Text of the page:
'Wanton Females of All Sorts': Spectatorship in The Antipodes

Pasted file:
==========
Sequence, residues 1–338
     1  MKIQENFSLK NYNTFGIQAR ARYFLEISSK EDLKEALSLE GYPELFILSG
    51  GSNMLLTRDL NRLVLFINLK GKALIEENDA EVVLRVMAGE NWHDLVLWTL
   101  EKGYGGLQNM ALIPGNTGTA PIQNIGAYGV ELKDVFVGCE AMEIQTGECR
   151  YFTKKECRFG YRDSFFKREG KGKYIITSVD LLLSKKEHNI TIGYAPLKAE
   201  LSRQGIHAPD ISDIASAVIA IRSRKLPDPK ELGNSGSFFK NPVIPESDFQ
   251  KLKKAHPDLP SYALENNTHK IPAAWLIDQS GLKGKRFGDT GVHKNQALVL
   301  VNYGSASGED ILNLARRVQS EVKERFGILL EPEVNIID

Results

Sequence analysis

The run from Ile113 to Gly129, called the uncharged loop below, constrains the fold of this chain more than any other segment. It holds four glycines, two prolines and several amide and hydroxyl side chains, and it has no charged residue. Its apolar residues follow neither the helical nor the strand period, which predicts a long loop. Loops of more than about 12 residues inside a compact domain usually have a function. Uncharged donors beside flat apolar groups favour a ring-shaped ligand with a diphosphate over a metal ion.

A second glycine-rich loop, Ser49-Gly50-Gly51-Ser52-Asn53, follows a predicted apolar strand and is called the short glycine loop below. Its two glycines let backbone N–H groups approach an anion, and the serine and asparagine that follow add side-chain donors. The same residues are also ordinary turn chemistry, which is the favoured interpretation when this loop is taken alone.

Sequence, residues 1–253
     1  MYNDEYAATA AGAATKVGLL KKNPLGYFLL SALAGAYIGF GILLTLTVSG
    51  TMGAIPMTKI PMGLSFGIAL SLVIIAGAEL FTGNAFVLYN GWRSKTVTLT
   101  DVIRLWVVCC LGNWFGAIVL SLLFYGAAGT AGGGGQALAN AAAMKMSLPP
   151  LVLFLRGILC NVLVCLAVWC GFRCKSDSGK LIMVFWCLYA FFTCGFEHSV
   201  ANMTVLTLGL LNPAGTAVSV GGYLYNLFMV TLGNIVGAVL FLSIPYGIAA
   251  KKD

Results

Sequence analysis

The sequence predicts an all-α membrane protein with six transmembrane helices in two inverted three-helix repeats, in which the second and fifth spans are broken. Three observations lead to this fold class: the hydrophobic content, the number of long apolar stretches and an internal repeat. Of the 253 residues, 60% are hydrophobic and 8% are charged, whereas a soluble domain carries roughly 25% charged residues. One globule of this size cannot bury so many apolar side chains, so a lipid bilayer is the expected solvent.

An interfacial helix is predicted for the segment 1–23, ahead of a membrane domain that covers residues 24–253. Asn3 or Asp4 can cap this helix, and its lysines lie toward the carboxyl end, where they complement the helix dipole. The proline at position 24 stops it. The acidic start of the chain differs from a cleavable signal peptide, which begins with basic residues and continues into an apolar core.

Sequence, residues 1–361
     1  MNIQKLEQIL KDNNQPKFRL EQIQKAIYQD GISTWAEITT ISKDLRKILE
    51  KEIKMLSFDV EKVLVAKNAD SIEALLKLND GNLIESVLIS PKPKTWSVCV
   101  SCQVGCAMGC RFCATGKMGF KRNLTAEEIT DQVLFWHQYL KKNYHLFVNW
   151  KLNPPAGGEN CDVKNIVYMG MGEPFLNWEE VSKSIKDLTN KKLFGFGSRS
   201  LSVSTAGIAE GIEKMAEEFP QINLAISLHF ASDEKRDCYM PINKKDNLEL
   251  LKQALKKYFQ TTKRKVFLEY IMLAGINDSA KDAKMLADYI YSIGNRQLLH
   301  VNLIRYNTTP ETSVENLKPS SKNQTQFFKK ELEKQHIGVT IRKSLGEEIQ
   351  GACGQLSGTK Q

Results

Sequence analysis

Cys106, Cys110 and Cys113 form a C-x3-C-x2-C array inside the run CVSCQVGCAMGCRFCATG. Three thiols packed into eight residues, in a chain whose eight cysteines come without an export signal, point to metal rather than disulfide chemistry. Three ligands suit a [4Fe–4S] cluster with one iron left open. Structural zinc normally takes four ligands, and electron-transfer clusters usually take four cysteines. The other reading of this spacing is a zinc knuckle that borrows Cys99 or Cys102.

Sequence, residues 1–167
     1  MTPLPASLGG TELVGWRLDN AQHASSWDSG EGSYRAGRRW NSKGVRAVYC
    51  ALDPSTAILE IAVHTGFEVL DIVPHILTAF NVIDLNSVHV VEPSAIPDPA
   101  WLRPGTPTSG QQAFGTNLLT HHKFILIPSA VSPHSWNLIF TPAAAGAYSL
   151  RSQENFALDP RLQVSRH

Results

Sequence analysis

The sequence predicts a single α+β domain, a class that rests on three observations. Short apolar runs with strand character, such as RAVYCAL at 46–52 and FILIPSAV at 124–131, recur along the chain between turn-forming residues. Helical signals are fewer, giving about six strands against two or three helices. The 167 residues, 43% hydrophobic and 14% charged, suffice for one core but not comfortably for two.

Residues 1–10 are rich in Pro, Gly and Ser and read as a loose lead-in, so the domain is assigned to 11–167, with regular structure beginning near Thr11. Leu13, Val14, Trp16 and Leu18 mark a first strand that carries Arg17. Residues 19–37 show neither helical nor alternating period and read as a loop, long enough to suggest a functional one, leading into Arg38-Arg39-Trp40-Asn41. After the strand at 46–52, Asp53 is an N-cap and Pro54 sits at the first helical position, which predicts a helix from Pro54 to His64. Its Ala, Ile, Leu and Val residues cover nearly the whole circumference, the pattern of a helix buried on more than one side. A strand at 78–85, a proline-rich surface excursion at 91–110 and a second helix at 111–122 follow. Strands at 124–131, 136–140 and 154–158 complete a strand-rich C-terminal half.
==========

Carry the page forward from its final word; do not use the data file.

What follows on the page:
Focusing on Richard Brome's presentation of the theatre in The Antipodes (1638) as a force for social stability and sexual regulation, this essay reads the play as a response to the attack on the stage in William Prynne’s 1633 Histrio-mastix, particularly in terms of the increasingly prominent female playgoer in the 1630s. Satirizing assumptions about the sexually predatory spectacle and the emotionally liquid playgoer that underlie anti-theatrical anxieties of early modern London, The Antipodes also suggests a larger model for relations between theatre audiences and theatrical spectacles. This model ultimately places authority with spectators rather than players or playwrights and imagines the audience, like the chaste and witty Diana, asserting its control over the private theatres of Caroline London.
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